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9:05 am
Fri January 31, 2014

NASCAR Makes Its Playoffs More Like Other Sports

Jimmie Johnson, Kasey Kahne, Dale Earnhardt Jr., and Jeff Gordon discuss the upcoming season.
Jimmie Johnson, Kasey Kahne, Dale Earnhardt Jr., and Jeff Gordon discuss the upcoming season.
Credit Michael Tomsic

NASCAR is overhauling its playoff system to create a winner-take-all final race. The sport's executives announced the changes Thursday in Charlotte. It'll make NASCAR's postseason simpler and more similar to other professional sports.


NASCAR CEO Brian France said the overhaul comes down to this: 

“Everything is focused on winning, and that's exactly what our fans want,” he said.

Now the only way to guarantee you make the playoffs in NASCAR is to win a regular season race. If you win, you're in.

France said that's way simpler than the old points system, and it should be. NASCAR casually calls its playoffs the Chase, and you used to get in by racing consistently – it didn't matter if you won, as long as you were top 10 pretty often. 

“The casual fans don't understand points racing,” he said. “You got to have a computer next to you to figure out who's in and who's out at a given moment.”

So the playoffs will be simpler, too. There'll be four rounds, and drivers will be eliminated each round. The four left at the end will compete in a sort of Super Bowl that's the last race of the season. The first one to cross the finish line wins. (And to be clear, all of these races will still include the regular number of drivers.) 

It'll make NASCAR's Chase more similar to playoffs in other sports. Driver Kurt Busch isn’t sure if that's a good thing.

“In 2004, the Chase was implemented with the thought of trying to create a playoff format or an atmosphere that is similar to other types of sports that are mainstream,” he said. “NASCAR is mainstream.”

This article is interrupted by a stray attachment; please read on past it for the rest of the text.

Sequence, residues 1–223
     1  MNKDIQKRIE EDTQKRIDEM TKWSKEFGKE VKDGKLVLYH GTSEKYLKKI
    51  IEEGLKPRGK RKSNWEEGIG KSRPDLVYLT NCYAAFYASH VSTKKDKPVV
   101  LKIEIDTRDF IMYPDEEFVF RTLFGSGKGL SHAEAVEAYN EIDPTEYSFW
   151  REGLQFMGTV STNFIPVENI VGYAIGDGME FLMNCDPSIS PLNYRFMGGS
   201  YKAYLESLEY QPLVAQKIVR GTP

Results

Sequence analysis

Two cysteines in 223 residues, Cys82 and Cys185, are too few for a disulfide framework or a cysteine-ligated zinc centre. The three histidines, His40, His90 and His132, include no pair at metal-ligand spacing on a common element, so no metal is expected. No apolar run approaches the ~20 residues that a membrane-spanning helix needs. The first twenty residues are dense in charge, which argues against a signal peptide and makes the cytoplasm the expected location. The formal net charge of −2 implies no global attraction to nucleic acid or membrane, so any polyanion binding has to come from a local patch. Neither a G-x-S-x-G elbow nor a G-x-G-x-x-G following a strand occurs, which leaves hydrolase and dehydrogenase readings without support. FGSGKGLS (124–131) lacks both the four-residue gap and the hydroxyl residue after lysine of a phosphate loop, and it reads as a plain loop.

So Busch asked, do we need to be so influenced by the media, fans and other sports?

Fellow driver Danica Patrick said, we do.

“At the end of the day, it's all about our fans and it's getting people to watch so that our sponsors are happy, that people are watching on TV, millions of millions of people, that's what drives the sport,” she said.

TV ratings and attendance at many of the premier tracks have been down substantially since NASCAR peaked in popularity in 2005.

Brad Keselowski, who won the Chase two years ago, said NASCAR is acknowledging it has to adapt.

“And if we stay stagnant as a sport, none of us our going to have any jobs,” he said. “And we can always argue about what's the proper way to grow, but as long as we can acknowledge that the sport has to change, I think we can find common ground that way.”

This particular change is NASCAR's biggest move since 1979, when it signed a contract for its first live broadcast of the Daytona 500, said one of the guys who signed that contract, former CBS Sports president Neal Pilson.

“I mean, it is of that stature,” he said. “I think NASCAR is taking a huge step forward here. I think it will draw an increased audience, and I think it will draw new people.”

Pilson said it'll be easier to attract casual fans because the format will be easier to understand.  

One driver you'd think might not be a fan of the changes is the guy who's mastered the old system- six-time champion Jimmie Johnson. A reporter asked him if it feels like the changes are an attempt to stop him from winning.

“It’s crossed my mind, I'm not going to lie,” he said with a laugh.

But Johnson said the changes should still result in one of the top drivers taking the title - not necessarily the most consistent one, but certainly one of the best.

Dale Earnhardt Jr. echoed that message. And he had one of the best lines about the changes.

“I wasn't really excited about change that much up until a lot of change started happening and you kind of had to get used to it,” he said with a laugh. “But now let's change it all. I'm all for it.”

He said it should be fun for the fans and the drivers. If so, that'll make the racetrack executives happy, too.

At an event uptown this week, Jerry Caldwell of Bristol Motor Speedway said the new system will make each of their races a bigger deal.

“You buy tickets to watch races – we need these guys focused on that race and needing to win that race to get into the Chase,” he said.

The head of the Charlotte Motor Speedway, Marcus Smith, agreed.

“Really hard-nosed racing, guys are going for the trophy, there is going to be one winner and 42 losers, and I think that's what NASCAR is really accentuating come this season,” he said.

In fact, NASCAR CEO Brian France said he wants this to lead to more aggressive racing.

“We expect some contact,” he said. “Obviously there are limits. But that's always part of NASCAR, some version of contact late in the race. Will this bring more of that? I'm sure it will, to some level, but that's NASCAR.”

And NASCAR officials may have to work harder to make sure no one crosses that line.

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